Saturday, May 7, 2016

The Story of Younis Khan (Part-1)

Younis Khan Pallekele

Last year in mid-July, as Ramzan was coming to an end, felicitations were in order for Younis Khan. A few weeks previously, in Colombo, he had played his 100th Test. In the next Test, in Pallekele, he had led a record-breaking chase to win the series. An unbeaten 171 had left him 19 short of becoming Pakistan's leading Test run scorer. Karachi is not unusual as a subcontinent city that still believes in the idea of a felicitation ceremony, and this one stormed ahead as if unaware that the 1980s, when such events were in vogue, had long gone. Younis was given a gold medal, a small shield and Rs 500,000 (approximately US$5000) by Nadeem Omar, conceiver of this felicitation and a prominent local businessman and sports organiser (and now owner of the Quetta Gladiators in the Pakistan Super League). We were in the ballroom of a once grand hotel and the stage looked as if a school play might look down its nose at it. The tawdry suits and slightly contrived celebration gave the evening the unmistakable air of a wedding, except, of course, it was Ramzan, so there was no food.

Yahya Hussaini, a well-known sports broadcaster was MC. He called upon a young man to start with a recitation from the Quran. Omar made a short speech (subject: no heroes in Pakistan, except Younis). No Karachi cricket story is complete without a Rashid Latif cameo. Duly, the guru of Younis and spiritual don of the city's cricket appeared. "He learnt from us when he was young, but within five years we were all learning from him," he mumbled, because even with his deep voice, Latif only ever mumbles.

Salahuddin "Sallu" Ahmed followed. Sallu bhai is a former Test player but has achieved greater renown for multiple stints as a regional and national selector; a conservative estimate has him on nearly 20 national selection committees over the years. Otherwise, he is loved for his impromptu shairi, or poetry, skills. He has one such bomb ready for any situation he finds himself in, including, I suspect, a phonejacking. Usually they veer towards surface-level wit rather than deep philosophy. This evening he recited a couple, one specifically for Younis (and while the lyricism gets lost in translation, the message was that life is better with Younis in it).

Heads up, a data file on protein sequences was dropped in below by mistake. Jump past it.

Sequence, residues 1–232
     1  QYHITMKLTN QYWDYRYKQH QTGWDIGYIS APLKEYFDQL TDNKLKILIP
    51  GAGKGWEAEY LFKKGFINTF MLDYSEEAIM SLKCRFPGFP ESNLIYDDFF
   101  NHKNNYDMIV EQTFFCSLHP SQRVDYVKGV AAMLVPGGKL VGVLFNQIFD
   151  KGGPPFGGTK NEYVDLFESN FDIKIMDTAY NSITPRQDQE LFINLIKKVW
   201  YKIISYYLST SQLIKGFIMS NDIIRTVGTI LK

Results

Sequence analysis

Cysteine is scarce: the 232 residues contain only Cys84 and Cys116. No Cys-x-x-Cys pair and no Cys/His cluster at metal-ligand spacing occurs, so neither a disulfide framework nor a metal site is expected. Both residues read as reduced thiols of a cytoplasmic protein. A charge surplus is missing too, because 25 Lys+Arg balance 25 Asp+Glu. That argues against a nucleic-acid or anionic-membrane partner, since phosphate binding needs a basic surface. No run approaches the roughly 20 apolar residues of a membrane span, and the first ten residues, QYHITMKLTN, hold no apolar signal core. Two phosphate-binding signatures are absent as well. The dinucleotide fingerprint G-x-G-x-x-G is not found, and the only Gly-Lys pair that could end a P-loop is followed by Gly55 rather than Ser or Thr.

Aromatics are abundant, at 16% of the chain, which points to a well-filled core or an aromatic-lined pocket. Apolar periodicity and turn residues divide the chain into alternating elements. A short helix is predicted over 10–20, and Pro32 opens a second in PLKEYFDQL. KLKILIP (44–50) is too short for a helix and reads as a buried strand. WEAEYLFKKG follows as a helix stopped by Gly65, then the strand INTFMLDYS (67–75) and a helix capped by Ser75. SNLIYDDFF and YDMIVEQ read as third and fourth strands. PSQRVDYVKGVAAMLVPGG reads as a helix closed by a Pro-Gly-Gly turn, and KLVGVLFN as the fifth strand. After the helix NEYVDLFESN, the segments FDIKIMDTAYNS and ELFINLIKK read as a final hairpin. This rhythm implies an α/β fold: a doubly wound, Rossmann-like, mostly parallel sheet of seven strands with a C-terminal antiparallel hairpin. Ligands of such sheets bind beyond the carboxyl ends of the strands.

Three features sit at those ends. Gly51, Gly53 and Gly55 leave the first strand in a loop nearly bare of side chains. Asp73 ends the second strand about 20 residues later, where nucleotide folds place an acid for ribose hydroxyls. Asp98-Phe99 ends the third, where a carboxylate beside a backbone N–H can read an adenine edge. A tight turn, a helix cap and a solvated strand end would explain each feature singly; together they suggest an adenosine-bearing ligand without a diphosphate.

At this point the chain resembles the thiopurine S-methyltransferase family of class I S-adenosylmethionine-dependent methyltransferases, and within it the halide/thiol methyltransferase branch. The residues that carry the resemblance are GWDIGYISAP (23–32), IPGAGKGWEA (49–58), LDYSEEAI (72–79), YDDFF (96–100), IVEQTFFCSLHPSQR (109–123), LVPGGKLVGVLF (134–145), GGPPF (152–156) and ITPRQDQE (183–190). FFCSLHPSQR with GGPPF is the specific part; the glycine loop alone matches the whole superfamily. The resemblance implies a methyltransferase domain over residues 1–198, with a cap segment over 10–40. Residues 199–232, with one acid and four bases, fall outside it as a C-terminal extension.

Most of the city's prominent cricketing sons were in attendance: Basit Ali, Hanif, Sadiq and Shoaib Mohammad, Moin Khan, Abdur Raqib, Jalaluddin, and the long-time Karachi administrator Siraj-ul-Islam Bukhari. Each came with an entourage, guys who have made careers hanging around the guys who have actually made careers.

Before Younis came on stage, a large screen played highlights of his Pallekele hundred. For aural pleasure: Junoon's "Jazba-e-Junoon", the modern anthem of Pakistan cricket. Someone must have thought this perfect for the occasion: passion, spirit, Younis has both and what can go wrong when you have both? Younis came on and thanked a long list of people, most of them with genuine affection and gratitude, and foremost Latif.

"Rashid bhai is here. Whatever I am, the way I act, I copy him in many places, the way he is humble, how he was captain, how to deal with youngsters, with needy people."

Some of those he thanked, well, it was worth wondering at the degree of his obeisance. He thanked former Pakistan left-arm spinner Iqbal Qasim, for instance, who could not give him a job with National Bank of Pakistan when a young Younis was looking for a team; who, as chief selector, dropped him from the ODI team once. Both were slights a man like Younis does not forget.

He thanked [Abdur] Raqib, who once gave him a secure job with Habib Bank but was also manager during that toxic period in late 2009 when Younis gave up the Pakistan captaincy, and whose report led the PCB to ban Younis. Still, Younis thanked him. He was grateful, he said, to Bukhari saab, even though under Bukhari saab he never got selected for Karachi, a snub that prompted a move back to Mardan.

If you live long enough in Pakistan cricket, those who helped you and those who burnt you each become as important as the other, maybe even the same thing.

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